To uprate a 6-Cylinder In-line engine from 123 kW to 165 kW in power and upgrade the emission from Euro-2 to Euro-3 it was required to go for higher peak-firing pressures (PFP). The capability of Engine's Crankshaft to withstand the PFP was increased from 125 bar to 150 bar, maintaining the same cylinder centre distance. A crank-train model was used to achieve the required crankshaft strength for infinite fatigue life. The three aspects of crankshaft design, namely, crank strength, bearing selection, journal-pin lubrication and torsional vibration were considered during the design stage.
The strength to withstand 150 bar PFP was achieved by increasing the crank web-thickness. To maintain the same cylinder centre distance, crankpin and main-journal lengths were reduced. Increased throw stiffness was achieved by increasing the crankpin diameter to improve crankshaft torsional behaviour. Fatigue factor of safety for the webs were calculated as per the FVV (Forschungsvereinigung Verbrennungsmotoren) method. Bearings were modeled as hydrodynamic bearings and the calculations were carried out with Sommerfeld number as per Butenschoen procedure. Torsional vibration calculations were carried out as per the procedure in BICERA (British Internal Combustion Engine Research Association) handbook and the maximum shaft twist was controlled using an appropriate damper.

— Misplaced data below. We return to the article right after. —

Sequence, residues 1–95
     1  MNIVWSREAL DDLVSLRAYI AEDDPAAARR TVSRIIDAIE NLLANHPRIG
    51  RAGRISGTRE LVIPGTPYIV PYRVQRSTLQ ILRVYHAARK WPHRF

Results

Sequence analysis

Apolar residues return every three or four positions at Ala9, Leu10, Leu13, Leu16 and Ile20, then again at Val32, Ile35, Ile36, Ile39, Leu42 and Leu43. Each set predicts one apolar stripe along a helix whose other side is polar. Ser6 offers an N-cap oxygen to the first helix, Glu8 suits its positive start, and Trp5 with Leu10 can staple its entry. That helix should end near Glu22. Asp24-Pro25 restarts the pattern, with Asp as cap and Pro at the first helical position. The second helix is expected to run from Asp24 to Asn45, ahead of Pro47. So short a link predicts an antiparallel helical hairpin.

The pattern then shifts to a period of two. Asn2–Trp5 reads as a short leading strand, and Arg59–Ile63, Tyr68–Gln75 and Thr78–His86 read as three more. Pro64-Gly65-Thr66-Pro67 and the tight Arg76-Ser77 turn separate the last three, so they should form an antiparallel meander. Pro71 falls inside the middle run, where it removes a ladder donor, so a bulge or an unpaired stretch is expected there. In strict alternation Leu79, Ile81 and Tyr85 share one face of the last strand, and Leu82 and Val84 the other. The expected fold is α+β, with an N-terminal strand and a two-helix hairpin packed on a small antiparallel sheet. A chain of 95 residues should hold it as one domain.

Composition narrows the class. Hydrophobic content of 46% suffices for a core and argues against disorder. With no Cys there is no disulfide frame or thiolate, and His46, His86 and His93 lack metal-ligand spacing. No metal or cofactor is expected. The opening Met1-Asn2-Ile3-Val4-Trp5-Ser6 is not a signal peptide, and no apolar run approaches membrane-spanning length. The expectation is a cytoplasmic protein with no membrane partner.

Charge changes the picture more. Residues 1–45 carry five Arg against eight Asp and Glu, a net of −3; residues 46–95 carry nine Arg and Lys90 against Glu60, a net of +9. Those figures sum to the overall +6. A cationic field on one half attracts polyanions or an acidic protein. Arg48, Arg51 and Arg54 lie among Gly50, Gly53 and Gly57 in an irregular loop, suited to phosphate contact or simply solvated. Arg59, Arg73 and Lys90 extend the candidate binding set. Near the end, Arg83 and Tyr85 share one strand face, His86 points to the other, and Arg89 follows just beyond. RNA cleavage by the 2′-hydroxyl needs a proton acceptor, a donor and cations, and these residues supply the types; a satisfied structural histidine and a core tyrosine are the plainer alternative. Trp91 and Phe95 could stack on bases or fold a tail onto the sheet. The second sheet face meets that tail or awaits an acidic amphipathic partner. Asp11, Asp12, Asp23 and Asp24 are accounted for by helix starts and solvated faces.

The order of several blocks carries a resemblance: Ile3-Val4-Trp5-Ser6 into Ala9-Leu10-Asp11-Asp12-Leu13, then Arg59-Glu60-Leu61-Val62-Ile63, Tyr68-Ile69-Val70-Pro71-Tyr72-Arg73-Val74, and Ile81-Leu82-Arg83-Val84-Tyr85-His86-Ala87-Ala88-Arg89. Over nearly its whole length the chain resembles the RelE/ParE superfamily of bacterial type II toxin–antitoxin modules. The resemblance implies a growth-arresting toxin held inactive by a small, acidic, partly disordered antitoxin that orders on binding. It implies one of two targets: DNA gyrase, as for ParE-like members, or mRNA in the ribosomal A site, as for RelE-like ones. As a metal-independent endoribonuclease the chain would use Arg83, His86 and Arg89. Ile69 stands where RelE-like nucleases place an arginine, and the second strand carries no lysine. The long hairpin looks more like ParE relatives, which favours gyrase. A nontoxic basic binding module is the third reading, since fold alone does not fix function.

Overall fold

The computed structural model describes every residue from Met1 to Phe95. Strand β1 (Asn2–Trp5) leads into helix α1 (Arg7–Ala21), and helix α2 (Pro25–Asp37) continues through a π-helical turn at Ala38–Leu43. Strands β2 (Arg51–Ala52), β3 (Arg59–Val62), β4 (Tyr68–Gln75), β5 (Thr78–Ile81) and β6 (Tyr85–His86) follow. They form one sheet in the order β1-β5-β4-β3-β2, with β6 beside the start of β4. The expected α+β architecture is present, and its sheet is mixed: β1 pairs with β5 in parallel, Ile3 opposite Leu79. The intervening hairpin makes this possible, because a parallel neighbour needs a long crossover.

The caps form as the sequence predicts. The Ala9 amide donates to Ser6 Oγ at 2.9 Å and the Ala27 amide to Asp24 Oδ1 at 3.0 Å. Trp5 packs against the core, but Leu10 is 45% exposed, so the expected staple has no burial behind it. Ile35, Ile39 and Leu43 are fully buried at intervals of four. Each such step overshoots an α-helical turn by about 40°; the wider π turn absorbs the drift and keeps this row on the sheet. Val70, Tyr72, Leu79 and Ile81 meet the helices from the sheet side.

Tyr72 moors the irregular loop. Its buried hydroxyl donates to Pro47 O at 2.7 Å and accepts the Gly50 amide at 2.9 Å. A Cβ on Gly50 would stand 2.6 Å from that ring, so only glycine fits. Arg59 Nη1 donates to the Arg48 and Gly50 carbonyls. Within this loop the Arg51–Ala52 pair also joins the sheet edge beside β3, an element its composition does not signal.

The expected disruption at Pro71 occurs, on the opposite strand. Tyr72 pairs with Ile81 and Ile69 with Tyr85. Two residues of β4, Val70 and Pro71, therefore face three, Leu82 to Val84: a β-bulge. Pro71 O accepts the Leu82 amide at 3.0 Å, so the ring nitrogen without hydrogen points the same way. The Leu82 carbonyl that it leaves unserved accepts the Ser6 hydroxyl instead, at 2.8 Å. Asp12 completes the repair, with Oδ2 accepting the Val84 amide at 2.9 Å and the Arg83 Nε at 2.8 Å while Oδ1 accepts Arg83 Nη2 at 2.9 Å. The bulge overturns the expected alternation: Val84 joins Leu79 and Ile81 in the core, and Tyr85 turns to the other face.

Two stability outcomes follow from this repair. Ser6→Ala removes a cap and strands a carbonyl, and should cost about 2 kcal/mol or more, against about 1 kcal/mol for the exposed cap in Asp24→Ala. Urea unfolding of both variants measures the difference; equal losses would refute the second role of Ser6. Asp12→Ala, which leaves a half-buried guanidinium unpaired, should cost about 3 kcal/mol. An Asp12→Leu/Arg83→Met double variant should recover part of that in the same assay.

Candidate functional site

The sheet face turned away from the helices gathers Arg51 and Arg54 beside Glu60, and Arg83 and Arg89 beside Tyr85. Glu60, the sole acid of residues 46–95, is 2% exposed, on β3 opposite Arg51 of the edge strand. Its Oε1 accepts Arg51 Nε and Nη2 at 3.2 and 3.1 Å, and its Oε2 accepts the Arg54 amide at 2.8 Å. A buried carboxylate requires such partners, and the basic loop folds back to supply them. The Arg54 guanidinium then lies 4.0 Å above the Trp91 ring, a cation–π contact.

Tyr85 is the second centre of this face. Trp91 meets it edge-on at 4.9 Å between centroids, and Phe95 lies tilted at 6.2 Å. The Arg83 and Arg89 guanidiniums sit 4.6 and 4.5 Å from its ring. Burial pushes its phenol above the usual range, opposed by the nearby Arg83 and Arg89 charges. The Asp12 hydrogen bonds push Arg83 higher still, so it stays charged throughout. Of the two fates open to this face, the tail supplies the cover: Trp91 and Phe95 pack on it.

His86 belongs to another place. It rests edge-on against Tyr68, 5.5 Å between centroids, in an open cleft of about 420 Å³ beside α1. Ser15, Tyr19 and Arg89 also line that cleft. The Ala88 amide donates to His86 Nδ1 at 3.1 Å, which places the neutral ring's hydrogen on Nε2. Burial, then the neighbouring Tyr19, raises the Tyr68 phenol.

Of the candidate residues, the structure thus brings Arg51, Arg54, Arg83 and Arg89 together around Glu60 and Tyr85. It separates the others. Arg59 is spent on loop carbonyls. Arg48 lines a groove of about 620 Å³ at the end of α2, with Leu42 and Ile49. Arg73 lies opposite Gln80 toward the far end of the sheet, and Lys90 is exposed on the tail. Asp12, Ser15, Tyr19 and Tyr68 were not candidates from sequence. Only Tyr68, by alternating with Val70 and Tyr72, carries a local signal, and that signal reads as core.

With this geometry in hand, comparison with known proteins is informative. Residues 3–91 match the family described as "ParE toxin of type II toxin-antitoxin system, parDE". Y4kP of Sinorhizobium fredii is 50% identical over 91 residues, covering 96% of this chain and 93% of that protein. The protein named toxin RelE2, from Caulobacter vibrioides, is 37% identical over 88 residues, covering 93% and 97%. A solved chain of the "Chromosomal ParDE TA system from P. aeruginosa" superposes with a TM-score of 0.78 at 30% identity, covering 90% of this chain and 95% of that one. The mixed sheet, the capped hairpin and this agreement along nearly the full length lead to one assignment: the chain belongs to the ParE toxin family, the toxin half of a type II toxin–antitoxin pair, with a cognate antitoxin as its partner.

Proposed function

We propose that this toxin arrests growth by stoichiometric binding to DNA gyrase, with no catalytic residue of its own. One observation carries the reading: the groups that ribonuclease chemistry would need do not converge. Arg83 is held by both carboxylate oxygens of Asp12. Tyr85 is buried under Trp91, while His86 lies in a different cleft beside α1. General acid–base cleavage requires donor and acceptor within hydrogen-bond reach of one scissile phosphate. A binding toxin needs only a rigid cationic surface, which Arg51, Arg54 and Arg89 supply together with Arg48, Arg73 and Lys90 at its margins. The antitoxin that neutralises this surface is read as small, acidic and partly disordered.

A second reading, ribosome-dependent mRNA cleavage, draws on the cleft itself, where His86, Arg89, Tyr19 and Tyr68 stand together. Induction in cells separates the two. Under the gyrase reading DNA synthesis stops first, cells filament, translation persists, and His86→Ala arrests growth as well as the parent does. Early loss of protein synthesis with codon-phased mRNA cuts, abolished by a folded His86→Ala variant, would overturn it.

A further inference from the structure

The new crankshaft passed the fatigue test in a test-rig for 150 bar PFP. Crankshaft lubrication and bearing life were validated by an engine endurance cycle to accelerate the failure. Torsional vibration measurement was carried out and the maximum free-end torsional deflection was within 0.2 deg. The results from crank-train simulation agreed well with the experimental results. The new crankshaft design is now in series production and has been proven in field for over a million km.